LONDON — Oil giant Royal Dutch Shell on Thursday reported marginally better-than-expected first-quarter earnings, amid stronger commodity prices and growing expectations of a fuel demand recovery.
It comes as energy majors seek to reassure investors that they have gained a more stable footing in recent months.
The Anglo-Dutch company reported adjusted earnings of $3.2 billion for the three months through to the end of March. That compared with $2.9 billion over the same period a year earlier and adjusted earnings of $393 million for the fourth quarter of 2020.
Analysts had expected first-quarter net profit to come in at $3.1 billion, according to Refinitiv.
In an earnings update published April 7, Shell warned first-quarter adjusted earnings would likely be adversely impacted by up to $200 million, citing the massive winter storm that engulfed Texas in February.
Shares of Shell are up more than 9% year-to-date, having tumbled nearly 40% in 2020.
The oil and gas industry was sent into a tailspin last year as the coronavirus pandemic coincided with a historic fuel demand shock, plunging commodity prices, unprecedented write-downs and tens of thousands of job cuts.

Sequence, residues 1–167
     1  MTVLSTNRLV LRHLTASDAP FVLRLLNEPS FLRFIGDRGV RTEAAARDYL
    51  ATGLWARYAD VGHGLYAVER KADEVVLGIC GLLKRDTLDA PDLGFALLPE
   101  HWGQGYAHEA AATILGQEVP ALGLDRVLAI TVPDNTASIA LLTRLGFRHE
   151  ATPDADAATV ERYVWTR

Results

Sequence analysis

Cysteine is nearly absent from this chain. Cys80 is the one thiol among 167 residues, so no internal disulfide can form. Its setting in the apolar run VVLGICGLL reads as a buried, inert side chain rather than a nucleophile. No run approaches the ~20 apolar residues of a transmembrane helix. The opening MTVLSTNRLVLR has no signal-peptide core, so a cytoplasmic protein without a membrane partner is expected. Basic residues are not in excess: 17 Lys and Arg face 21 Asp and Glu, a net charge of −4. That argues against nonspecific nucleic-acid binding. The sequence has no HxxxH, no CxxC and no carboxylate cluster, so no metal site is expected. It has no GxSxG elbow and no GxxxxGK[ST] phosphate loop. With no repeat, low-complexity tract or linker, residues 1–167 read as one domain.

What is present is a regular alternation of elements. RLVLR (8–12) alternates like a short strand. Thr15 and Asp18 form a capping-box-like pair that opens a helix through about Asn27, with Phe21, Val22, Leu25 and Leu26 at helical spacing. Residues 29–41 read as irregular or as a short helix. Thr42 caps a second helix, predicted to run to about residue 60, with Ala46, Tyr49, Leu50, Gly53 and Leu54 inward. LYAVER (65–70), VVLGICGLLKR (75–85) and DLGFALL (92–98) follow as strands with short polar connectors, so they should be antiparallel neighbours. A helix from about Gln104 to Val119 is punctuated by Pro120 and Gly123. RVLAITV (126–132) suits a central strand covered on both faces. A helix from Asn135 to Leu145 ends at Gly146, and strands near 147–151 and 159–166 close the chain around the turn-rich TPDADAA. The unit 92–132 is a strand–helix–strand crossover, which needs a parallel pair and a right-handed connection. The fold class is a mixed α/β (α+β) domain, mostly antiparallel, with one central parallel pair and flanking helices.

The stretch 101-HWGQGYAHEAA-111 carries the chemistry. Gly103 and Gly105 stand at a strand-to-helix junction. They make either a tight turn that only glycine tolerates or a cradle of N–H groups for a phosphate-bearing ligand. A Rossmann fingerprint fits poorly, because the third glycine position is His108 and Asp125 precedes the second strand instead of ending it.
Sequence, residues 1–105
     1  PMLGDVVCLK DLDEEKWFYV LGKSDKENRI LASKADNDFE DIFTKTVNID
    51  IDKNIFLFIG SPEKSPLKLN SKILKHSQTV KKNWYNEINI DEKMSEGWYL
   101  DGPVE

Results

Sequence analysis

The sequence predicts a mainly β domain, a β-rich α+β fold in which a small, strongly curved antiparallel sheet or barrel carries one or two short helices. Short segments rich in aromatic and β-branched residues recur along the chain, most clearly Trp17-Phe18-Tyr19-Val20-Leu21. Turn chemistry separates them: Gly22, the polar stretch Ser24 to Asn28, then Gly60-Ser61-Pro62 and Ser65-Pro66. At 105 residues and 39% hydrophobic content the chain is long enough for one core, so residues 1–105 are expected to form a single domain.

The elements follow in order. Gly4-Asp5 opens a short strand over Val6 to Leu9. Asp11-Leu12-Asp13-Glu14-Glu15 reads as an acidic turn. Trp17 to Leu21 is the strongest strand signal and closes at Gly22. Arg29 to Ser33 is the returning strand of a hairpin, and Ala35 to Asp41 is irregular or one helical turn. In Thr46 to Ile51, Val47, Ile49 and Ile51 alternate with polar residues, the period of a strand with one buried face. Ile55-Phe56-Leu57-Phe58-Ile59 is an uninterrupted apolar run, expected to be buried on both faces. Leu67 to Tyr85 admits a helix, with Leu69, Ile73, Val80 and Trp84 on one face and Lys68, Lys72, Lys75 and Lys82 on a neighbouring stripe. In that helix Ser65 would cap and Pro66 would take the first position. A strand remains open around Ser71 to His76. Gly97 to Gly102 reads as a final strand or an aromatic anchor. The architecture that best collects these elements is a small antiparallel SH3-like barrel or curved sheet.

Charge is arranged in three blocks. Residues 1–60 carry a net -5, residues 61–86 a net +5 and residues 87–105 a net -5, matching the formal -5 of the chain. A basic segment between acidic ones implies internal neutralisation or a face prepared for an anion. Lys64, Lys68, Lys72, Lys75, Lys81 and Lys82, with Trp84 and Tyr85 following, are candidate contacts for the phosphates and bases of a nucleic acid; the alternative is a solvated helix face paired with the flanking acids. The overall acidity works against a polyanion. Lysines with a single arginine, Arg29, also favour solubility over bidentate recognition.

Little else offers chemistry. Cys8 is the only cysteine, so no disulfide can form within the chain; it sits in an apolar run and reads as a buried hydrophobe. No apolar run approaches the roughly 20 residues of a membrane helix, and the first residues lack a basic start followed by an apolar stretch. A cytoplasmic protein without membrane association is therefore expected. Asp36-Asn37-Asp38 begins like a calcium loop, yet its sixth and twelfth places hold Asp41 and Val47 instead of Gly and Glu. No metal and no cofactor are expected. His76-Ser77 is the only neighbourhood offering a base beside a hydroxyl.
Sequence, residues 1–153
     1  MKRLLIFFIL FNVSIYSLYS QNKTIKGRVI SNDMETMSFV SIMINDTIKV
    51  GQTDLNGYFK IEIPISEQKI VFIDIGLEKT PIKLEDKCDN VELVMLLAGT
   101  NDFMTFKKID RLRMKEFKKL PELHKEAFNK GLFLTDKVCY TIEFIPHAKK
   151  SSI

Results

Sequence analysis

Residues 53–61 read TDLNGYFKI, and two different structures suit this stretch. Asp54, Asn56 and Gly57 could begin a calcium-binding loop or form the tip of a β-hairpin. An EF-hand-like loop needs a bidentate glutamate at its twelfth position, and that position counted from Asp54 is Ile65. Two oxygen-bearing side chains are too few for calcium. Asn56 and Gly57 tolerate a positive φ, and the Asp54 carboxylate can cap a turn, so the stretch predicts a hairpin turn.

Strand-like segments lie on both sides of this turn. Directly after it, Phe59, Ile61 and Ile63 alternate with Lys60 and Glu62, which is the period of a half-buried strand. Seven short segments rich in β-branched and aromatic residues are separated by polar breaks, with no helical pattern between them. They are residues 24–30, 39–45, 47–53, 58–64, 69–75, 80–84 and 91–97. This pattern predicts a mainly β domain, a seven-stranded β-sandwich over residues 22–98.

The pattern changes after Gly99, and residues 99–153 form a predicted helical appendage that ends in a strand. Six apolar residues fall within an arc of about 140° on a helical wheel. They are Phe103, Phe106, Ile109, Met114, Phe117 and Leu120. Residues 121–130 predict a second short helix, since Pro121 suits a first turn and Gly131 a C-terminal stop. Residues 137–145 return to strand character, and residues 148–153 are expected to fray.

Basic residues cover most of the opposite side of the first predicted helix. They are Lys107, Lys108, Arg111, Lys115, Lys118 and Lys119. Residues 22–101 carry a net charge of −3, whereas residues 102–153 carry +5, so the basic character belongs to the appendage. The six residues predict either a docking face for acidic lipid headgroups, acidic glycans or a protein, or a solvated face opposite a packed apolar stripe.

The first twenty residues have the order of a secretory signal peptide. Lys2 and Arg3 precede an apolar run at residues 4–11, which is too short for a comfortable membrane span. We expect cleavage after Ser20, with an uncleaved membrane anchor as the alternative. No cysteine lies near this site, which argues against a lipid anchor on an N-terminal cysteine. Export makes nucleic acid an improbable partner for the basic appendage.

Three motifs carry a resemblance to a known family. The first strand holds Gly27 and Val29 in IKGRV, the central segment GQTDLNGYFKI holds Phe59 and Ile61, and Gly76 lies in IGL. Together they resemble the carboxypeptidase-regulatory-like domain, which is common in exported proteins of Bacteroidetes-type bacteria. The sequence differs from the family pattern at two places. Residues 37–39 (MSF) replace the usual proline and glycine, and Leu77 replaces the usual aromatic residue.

Earlier this week, British oil major BP reported that first-quarter net profit had more than tripled, largely driven by “exceptional” gas marketing and trading performance, and stronger commodity prices. It paved the way for the energy company to announce plans to start buying back shares.
Oil prices have climbed around 30% since the start of the year as expectations of a demand recovery appear to have offset concerns about the impact of rising Covid-19 infections.
International benchmark Brent crude futures traded at $67.66 a barrel on Thursday morning, up around 0.6% for the session, while U.S. West Texas Intermediate futures stood at $64.24, more than 0.5% higher.
OPEC and non-OPEC allies, an influential producer group sometimes referred to as OPEC+, reaffirmed improving market sentiment this week when it announced plans to stick to a phased easing of supply curbs in the coming months.